Supporters of religious exemption bill say debate isn’t over
ATLANTA — Georgia Gov. Nathan Deal’s plan to veto a “religious freedom” bill has supporters vowing that the issue isn’t going away.
Groups that supported the bill, including the Georgia Baptist Mission Board, plan a news conference Tuesday morning to discuss their next steps.
“We’re not going to quit,” said Mike Griffin, spokesman for the Baptist organization. “We definitely don’t want to have Gov. Deal listening to Wall Street and Hollywood over the citizens of the state of Georgia who expect him to support religious liberty.”
Within days of its passage, Coca-Cola and other big-name Georgia companies joined prominent Hollywood figures urging Deal to reject the proposal. The Walt Disney Co., Marvel Studios and Salesforce.com threatened to take their business elsewhere. The NFL said it would be a factor in choosing whether Atlanta hosts the 2019 or 2020 Super Bowl.
What remains to be seen is whether there’s enough support among lawmakers to call a special session to revisit the proposal this summer or whether it will have to wait until the 2017 legislative session convenes in January.
Sen. Josh McKoon, a Columbus Republican who’s one of the issue’s key supporters, said lawmakers may barely be able to scrape together the votes needed to reconvene at the Capitol this summer. But he said it would be tougher finding the votes necessary to override the governor’s veto.
Lawmakers have already left the Capitol for the year, adjourning Thursday. They would need a three-fifths majority of both houses to ask the governor to convene a special session, and even then, vote totals on the bill suggest they lack the two-thirds vote in both chambers to override his veto.
“It’s more likely we’ll continue this debate for the next nine months and have a bill introduced in January and fight it out again,” McKoon said, adding that he’s willing to author a new bill if necessary.
Deal will remain the state’s top officeholder through two more legislative sessions. He’s term-limited and has said he doesn’t plan to run for political office after leaving the governor’s mansion in 2018.
Republican legislative leaders portrayed the bill that Deal plans to reject as a compromise, developed after years of sparring over the issue.
Neither House Speaker David Ralston, a Blue Ridge Republican, nor Republican Lt. Gov. Casey Cagle called for a special session Monday. Cagle, who’s considered a top candidate for the GOP governor’s race in 2018, did say the bill struck “the right balance.”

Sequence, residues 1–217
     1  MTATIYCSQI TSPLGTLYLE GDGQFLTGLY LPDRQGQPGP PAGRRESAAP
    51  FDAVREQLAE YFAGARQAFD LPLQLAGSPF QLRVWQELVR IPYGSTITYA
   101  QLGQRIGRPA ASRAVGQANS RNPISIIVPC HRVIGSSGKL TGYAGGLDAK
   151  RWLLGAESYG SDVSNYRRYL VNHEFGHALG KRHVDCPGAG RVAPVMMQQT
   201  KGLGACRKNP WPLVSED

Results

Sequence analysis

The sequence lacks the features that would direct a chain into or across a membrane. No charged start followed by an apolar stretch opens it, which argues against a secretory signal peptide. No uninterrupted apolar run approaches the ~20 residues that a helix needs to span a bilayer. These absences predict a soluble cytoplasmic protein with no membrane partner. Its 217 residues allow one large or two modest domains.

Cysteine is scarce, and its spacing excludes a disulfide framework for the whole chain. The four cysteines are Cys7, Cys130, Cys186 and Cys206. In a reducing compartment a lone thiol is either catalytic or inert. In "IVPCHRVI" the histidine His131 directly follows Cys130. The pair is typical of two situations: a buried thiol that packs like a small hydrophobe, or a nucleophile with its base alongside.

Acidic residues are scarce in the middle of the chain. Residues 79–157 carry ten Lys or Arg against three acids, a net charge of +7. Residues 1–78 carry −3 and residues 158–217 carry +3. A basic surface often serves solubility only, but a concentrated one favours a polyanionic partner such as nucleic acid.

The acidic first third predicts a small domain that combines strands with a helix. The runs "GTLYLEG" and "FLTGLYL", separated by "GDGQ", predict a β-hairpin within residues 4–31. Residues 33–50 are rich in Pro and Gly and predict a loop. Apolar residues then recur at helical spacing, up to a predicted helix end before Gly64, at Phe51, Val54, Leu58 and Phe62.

“I’ve always advocated for Georgia’s status as the number one state to do business, but as we move forward I will never lose sight of the importance of an individual’s right to practice their faith,” he said. “This principle will continue to guide my actions going forward.”
The bill enumerated a list of actions that “people of faith” would not have to perform for other people. Clergy could refuse to perform gay marriages; churches and affiliated religious groups could have invoked their faith as a reason to refuse to serve or hire someone. People claiming their religious freedoms have been burdened by state or local laws also could force governments to prove there’s a “compelling” state interest overriding their beliefs.
All but 11 Republicans in the Georgia House and Senate voted in favor; all Democrats voted against it.
Another round of debate won’t be welcome news to companies and economic development groups that resisted this year’s proposal, said Eric Tanenblatt, a GOP strategist who served as chief of staff to former Gov. Sonny Perdue.
“From an economic development standpoint, it was not helpful having news stories across the country talking about this issue in Georgia,” Tanenblatt said. “… If there’s a spirited debate like this again, that will all resurface.”
Georgia’s largest gay-rights advocacy group vowed to push instead for legal protection specific to lesbian, gay, bisexual and transgender residents in employment, housing and other services. State law currently offers none, and Georgia Equality’s Executive Director Jeff Graham said Deal’s veto doesn’t end the group’s work.
“While we’re enjoying today’s hard-fought victory, we’ll continue working to ensure every single Georgian is protected from discrimination,” Graham said Monday.